Preprints
https://doi.org/10.5194/gmdd-6-6835-2013
https://doi.org/10.5194/gmdd-6-6835-2013

Submitted as: methods for assessment of models 17 Dec 2013

Submitted as: methods for assessment of models | 17 Dec 2013

Review status: this preprint was under review for the journal GMD but the revision was not accepted.

Influences of calibration data length and data period on model parameterization and quantification of terrestrial ecosystem carbon dynamics

Q. Zhu1,2 and Q. Zhuang1,2,3 Q. Zhu and Q. Zhuang
  • 1Purdue Climate Change Research Center, Purdue University, West Lafayette, Indiana, USA
  • 2Department of Earth, Atmospheric, and Planetary Sciences, Purdue University, West Lafayette, Indiana, USA
  • 3Department of Agronomy, Purdue University, West Lafayette, Indiana, USA

Abstract. Reliability of terrestrial ecosystem models highly depends on the quantity and quality of the data that have been used to calibrate the models. Nowadays, in situ observations of carbon fluxes are abundant. However, the knowledge of how much data (data length) and which subset of the time series data (data period) should be used to effectively calibrate the model is still lacking. In this study we use the AmeriFlux carbon flux data to parameterize the Terrestrial Ecosystem Model (TEM) using an adjoint based data assimilation technique for five different ecosystem types including deciduous broadleaf forest, coniferous forest, grassland, shrubland and boreal forest. We hypothesize that calibration data covering various climate conditions for the ecosystems (e.g. drought and wet; high and low air temperature) can reduce the uncertainty of the model parameter space. Here parameterization is conducted to explore the impact of both data length and data period on the uncertainty reduction of the posterior model parameters and the quantification of site and regional carbon dynamics. We find that: (1) the model is better constrained when it uses two-year data comparing to using one-year data. Further, two-year data is long enough in calibrating TEM's carbon dynamics, since using three-year data could only marginally improve the model performance at our study sites; (2) the model is better constrained with the data that have a higher "climate variability" than that with a lower one. The climate variability is used to measure the overall possibility of the ecosystem to experience various climate conditions including drought and extreme air temperatures and radiation; (3) the US regional simulations indicate that the effect of calibration data length on carbon dynamics is amplified at regional and temporal scales, leading to large discrepancies among different parameterization experiments, especially in July and August. This study shall help the eddy flux observation community in conducting field observations. The study shall also benefit the ecosystem modeling community in using multiple-year data to improve model parameterization and predictability.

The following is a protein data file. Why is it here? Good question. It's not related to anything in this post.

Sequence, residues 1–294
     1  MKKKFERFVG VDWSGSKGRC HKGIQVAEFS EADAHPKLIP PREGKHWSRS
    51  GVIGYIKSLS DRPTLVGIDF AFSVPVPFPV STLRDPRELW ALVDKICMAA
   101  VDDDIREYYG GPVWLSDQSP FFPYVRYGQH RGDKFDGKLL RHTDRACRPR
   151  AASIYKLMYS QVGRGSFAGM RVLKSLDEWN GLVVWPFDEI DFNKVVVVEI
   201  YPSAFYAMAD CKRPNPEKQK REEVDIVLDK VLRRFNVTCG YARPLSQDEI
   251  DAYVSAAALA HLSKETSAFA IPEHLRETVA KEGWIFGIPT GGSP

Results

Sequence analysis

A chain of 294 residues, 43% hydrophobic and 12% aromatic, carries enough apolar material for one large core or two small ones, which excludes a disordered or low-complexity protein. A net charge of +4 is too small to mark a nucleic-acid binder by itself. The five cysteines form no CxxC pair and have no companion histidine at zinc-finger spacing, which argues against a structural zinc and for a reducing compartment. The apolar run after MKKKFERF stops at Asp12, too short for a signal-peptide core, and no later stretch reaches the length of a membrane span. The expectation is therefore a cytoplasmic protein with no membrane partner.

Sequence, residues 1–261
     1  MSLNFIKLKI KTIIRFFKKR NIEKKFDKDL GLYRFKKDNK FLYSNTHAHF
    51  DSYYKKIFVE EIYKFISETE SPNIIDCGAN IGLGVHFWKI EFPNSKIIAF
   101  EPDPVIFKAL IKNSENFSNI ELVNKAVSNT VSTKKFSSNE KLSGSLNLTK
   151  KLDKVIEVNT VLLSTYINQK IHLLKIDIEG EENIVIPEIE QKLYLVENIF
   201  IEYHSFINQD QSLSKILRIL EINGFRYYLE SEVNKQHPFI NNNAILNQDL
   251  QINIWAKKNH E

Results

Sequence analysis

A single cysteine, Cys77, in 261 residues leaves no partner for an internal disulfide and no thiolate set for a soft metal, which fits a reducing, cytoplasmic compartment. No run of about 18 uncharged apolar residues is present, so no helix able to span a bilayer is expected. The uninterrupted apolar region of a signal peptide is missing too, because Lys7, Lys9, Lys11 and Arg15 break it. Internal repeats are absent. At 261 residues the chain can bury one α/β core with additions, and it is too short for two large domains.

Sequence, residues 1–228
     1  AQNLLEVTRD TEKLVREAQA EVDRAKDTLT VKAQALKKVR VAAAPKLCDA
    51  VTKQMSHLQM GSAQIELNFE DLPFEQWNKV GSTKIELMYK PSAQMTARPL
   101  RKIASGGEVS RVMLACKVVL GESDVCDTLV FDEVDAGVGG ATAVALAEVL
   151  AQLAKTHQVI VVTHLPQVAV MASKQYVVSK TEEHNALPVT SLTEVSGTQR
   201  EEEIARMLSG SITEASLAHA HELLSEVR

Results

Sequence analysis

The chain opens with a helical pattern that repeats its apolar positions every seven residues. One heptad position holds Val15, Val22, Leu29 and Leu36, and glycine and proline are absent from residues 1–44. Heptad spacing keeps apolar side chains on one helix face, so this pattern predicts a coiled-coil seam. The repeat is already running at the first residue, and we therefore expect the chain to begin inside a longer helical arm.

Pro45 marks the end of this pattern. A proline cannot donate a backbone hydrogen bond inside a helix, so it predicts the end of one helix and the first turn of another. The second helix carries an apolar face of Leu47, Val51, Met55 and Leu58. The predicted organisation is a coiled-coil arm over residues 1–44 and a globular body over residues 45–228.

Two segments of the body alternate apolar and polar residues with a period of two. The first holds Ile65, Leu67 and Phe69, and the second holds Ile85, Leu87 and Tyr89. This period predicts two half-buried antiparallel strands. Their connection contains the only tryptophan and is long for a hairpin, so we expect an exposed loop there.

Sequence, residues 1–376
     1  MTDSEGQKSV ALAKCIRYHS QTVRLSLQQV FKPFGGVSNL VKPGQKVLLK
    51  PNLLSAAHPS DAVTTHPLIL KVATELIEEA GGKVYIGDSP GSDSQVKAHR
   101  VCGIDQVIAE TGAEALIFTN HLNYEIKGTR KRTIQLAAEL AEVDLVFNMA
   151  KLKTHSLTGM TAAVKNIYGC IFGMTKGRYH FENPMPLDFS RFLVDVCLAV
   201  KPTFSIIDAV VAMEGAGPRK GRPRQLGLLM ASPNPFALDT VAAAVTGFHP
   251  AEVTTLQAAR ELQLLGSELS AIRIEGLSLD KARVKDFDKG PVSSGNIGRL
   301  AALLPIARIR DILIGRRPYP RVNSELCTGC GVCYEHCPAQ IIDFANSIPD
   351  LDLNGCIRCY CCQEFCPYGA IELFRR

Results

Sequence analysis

Q. Zhu and Q. Zhuang

 
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Status: closed
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Status: closed
Status: closed
AC: Author comment | RC: Referee comment | SC: Short comment | EC: Editor comment
Printer-friendly Version - Printer-friendly version Supplement - Supplement

Q. Zhu and Q. Zhuang

Q. Zhu and Q. Zhuang

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